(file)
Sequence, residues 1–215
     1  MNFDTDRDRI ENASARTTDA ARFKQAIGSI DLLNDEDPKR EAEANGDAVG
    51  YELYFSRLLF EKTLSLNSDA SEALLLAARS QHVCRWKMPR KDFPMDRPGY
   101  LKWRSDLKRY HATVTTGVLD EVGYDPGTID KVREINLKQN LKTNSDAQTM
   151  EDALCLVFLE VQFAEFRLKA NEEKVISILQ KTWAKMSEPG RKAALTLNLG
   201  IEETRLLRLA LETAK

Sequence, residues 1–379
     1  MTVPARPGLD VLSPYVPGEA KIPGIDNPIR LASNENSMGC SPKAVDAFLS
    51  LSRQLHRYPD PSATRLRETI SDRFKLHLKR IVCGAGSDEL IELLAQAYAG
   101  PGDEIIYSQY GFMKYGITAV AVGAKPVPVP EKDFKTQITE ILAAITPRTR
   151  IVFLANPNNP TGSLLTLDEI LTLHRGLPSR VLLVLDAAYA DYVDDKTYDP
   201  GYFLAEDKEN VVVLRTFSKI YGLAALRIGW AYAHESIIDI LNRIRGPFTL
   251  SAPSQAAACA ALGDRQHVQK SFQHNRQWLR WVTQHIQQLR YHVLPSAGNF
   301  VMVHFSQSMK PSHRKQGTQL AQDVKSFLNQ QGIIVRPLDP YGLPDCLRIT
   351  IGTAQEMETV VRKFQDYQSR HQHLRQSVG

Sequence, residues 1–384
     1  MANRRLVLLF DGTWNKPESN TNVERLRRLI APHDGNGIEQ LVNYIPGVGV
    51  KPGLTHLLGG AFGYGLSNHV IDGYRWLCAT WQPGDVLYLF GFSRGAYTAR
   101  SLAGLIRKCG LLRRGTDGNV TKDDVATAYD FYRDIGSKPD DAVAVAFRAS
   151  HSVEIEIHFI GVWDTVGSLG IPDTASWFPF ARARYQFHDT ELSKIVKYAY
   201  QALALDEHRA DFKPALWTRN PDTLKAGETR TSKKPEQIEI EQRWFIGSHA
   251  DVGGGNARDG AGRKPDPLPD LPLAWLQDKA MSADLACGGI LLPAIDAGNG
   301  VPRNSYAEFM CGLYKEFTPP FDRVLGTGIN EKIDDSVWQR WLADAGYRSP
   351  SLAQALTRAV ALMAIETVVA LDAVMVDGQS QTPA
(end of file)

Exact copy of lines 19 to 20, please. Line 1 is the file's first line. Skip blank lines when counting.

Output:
   101  SLAGLIRKCG LLRRGTDGNV TKDDVATAYD FYRDIGSKPD DAVAVAFRAS
   151  HSVEIEIHFI GVWDTVGSLG IPDTASWFPF ARARYQFHDT ELSKIVKYAY